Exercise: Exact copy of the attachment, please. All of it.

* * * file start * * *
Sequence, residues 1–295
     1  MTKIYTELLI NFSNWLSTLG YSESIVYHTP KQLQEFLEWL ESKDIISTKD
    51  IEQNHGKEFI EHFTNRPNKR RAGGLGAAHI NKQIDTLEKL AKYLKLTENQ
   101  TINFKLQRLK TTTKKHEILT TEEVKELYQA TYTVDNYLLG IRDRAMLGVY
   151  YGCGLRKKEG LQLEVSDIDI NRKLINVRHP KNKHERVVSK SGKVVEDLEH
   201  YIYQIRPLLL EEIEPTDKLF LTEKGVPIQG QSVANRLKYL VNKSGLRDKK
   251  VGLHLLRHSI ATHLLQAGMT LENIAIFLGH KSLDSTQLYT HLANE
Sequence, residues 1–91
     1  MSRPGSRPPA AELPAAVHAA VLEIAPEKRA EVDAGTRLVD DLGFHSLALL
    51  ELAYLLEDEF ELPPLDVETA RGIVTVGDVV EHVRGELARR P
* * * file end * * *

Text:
Sequence, residues 1–295
     1  MTKIYTELLI NFSNWLSTLG YSESIVYHTP KQLQEFLEWL ESKDIISTKD
    51  IEQNHGKEFI EHFTNRPNKR RAGGLGAAHI NKQIDTLEKL AKYLKLTENQ
   101  TINFKLQRLK TTTKKHEILT TEEVKELYQA TYTVDNYLLG IRDRAMLGVY
   151  YGCGLRKKEG LQLEVSDIDI NRKLINVRHP KNKHERVVSK SGKVVEDLEH
   201  YIYQIRPLLL EEIEPTDKLF LTEKGVPIQG QSVANRLKYL VNKSGLRDKK
   251  VGLHLLRHSI ATHLLQAGMT LENIAIFLGH KSLDSTQLYT HLANE
Sequence, residues 1–91
     1  MSRPGSRPPA AELPAAVHAA VLEIAPEKRA EVDAGTRLVD DLGFHSLALL
    51  ELAYLLEDEF ELPPLDVETA RGIVTVGDVV EHVRGELARR P